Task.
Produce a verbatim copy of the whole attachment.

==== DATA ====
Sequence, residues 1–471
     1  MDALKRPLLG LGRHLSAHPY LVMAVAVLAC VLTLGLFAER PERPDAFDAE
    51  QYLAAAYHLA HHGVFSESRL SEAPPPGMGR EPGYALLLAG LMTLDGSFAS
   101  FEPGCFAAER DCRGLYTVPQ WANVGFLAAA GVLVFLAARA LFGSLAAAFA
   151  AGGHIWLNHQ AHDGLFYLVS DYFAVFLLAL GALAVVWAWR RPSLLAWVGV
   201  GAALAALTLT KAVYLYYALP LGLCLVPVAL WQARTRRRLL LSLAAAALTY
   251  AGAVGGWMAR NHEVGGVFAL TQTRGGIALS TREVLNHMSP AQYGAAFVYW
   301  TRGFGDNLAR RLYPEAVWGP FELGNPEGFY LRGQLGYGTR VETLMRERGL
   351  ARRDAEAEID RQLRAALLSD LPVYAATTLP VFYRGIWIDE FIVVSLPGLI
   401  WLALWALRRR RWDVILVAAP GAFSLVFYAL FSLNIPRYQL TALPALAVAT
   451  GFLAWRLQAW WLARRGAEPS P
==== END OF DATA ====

Sequence, residues 1–471
     1  MDALKRPLLG LGRHLSAHPY LVMAVAVLAC VLTLGLFAER PERPDAFDAE
    51  QYLAAAYHLA HHGVFSESRL SEAPPPGMGR EPGYALLLAG LMTLDGSFAS
   101  FEPGCFAAER DCRGLYTVPQ WANVGFLAAA GVLVFLAARA LFGSLAAAFA
   151  AGGHIWLNHQ AHDGLFYLVS DYFAVFLLAL GALAVVWAWR RPSLLAWVGV
   201  GAALAALTLT KAVYLYYALP LGLCLVPVAL WQARTRRRLL LSLAAAALTY
   251  AGAVGGWMAR NHEVGGVFAL TQTRGGIALS TREVLNHMSP AQYGAAFVYW
   301  TRGFGDNLAR RLYPEAVWGP FELGNPEGFY LRGQLGYGTR VETLMRERGL
   351  ARRDAEAEID RQLRAALLSD LPVYAATTLP VFYRGIWIDE FIVVSLPGLI
   401  WLALWALRRR RWDVILVAAP GAFSLVFYAL FSLNIPRYQL TALPALAVAT
   451  GFLAWRLQAW WLARRGAEPS P